Seeking a mentor who is at a different level in your chosen field or who works in a different sector altogether can provide valuable perspective for career transitions, whether you want to move up the ladder or switch industries. A mentor may know which skills you should highlight on your résumé, be able to identify shortfalls in your experience, and want to share lessons learned.
Topics that a mentee might want to discuss with a mentor while trying to progress from a GIS technician to a GIS analyst would be very different from topics that are helpful to explore when considering a move into management. Mentees who are at the early stages of their careers may want to focus on how to improve their résumés or enhance their GIS portfolios, while people in the middle of their careers may be interested in learning more about hiring, managing, and evaluating GIS staff or planning, budgeting, and overseeing projects.
Getting perspectives from people who work in various environments can be helpful as well. Mentors can include college or university professors and advisers, coworkers, and other members of professional organizations. Academic mentors can provide recommendations on coursework and internship opportunities that serve as good preparation for entering the workforce. Colleagues can give great advice about navigating company culture and how to get promoted. And mentorship from outside sources like professional organizations can offer insight into what it’s like to work in other sectors or locations.
Drawing on people’s diverse opinions about various work environments, the tools and skills required to succeed, and ways to approach problem-solving can give mentees a broad perspective on the GIS industry. For students transitioning out of the classroom and into the workplace, hearing from a variety of real-world professionals can guide them to great first jobs as GIS practitioners. And for those undergoing career transitions, forming professional relationships with people in other jobs and industries can help inform the decisions they make about their own jobs.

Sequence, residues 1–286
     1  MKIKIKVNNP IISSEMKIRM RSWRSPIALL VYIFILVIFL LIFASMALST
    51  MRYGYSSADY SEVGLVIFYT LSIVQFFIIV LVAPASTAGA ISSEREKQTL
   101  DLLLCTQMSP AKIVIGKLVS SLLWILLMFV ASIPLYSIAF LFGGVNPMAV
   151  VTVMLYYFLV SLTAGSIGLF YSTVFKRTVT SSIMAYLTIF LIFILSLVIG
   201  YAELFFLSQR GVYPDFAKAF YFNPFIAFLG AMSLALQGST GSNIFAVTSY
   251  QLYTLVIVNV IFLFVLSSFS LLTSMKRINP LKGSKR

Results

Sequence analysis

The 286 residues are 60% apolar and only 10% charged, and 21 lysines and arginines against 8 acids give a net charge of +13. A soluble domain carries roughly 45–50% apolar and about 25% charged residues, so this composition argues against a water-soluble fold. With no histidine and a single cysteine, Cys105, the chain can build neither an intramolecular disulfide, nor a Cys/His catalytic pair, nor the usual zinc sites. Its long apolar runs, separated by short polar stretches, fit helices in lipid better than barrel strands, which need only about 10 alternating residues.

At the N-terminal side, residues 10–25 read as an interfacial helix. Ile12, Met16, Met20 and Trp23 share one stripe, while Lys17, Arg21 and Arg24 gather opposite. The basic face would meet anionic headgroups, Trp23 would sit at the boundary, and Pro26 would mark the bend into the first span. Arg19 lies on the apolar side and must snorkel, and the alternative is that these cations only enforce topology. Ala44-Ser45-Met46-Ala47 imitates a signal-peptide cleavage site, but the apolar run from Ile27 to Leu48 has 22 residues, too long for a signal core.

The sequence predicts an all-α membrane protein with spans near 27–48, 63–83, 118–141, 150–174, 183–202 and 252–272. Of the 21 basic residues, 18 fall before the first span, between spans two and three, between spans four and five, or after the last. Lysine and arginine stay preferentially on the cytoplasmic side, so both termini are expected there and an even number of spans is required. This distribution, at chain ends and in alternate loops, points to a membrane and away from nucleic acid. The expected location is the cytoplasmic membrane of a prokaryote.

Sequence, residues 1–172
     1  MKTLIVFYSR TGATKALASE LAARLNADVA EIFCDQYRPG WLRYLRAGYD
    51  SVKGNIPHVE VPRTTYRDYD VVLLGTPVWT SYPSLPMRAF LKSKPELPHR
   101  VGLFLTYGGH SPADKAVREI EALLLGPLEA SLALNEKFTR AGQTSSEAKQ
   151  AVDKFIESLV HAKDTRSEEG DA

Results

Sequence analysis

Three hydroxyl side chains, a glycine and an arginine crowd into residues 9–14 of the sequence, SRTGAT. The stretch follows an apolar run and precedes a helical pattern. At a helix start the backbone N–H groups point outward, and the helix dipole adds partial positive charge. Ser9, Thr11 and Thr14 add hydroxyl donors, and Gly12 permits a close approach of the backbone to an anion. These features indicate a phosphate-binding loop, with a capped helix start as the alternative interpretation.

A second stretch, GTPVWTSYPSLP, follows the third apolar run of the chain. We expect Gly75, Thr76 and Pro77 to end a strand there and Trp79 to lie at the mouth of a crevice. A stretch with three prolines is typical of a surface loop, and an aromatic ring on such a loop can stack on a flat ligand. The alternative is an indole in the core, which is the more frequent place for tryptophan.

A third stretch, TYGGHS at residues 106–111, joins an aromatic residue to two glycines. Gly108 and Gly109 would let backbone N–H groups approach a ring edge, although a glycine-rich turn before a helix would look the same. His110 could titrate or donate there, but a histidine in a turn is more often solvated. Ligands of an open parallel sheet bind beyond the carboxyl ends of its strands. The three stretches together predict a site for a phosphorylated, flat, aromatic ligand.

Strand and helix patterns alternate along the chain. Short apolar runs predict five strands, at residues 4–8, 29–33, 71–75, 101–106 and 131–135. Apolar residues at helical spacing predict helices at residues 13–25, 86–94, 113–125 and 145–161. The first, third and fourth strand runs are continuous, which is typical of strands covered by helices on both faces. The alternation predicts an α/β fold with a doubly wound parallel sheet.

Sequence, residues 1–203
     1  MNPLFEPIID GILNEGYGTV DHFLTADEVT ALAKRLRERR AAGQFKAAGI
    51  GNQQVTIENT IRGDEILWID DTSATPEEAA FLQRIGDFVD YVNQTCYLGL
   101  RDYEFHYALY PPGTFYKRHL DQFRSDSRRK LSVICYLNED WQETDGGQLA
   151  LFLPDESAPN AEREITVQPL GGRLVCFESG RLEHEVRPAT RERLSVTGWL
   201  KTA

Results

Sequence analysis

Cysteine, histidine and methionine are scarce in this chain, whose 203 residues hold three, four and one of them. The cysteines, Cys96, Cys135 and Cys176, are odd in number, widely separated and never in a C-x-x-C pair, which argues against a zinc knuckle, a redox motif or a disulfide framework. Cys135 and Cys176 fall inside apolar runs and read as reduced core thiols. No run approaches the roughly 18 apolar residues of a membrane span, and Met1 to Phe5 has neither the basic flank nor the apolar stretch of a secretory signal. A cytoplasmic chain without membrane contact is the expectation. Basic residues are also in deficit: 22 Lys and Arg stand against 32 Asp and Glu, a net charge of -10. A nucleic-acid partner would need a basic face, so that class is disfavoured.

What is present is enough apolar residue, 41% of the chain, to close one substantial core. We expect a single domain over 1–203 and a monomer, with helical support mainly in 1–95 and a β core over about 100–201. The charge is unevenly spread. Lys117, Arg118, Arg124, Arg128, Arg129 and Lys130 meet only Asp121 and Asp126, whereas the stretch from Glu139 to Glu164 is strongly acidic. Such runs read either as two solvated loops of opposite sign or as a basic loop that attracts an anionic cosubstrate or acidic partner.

Get Involved in Mentoring Through URISA
URISA’s new mentoring network aims to support mentors and mentees as they work together to accomplish their professional and academic goals, improve each other’s self-esteem, and advance their technical capabilities.
The URISA Mentoring Network offers three, six-month mentorship cohorts each year—two that begin in the spring and one that starts in the fall. After volunteers pair up mentors and mentees based on their interests, skills, location, and more, the program begins with a kickoff event in which mentors, mentees, and members of the Vanguard Cabinet discuss the program structure, expectations, and the goal-setting process. In this meeting, each mentor-mentee pair is provided with resources to use to shape their future conversations.
Over the course of their relationship, mentors and mentees can discuss suggested topics, such as interviewing tips and goal setting, or define their own topics that better suit their objectives. At the end of six months, the pair is welcome to continue their relationship in a way that works for both parties. Mentors are also encouraged to take on new mentees if they want to, and mentees are empowered to then serve as mentors themselves.
To learn more about the URISA Mentoring Network or to register as a mentor or mentee, visit the URISA Mentoring Network hub page. For more information about getting involved, email Rachel Layko, cochair of URISA’s mentoring subcommittee, at firstname.lastname@example.org.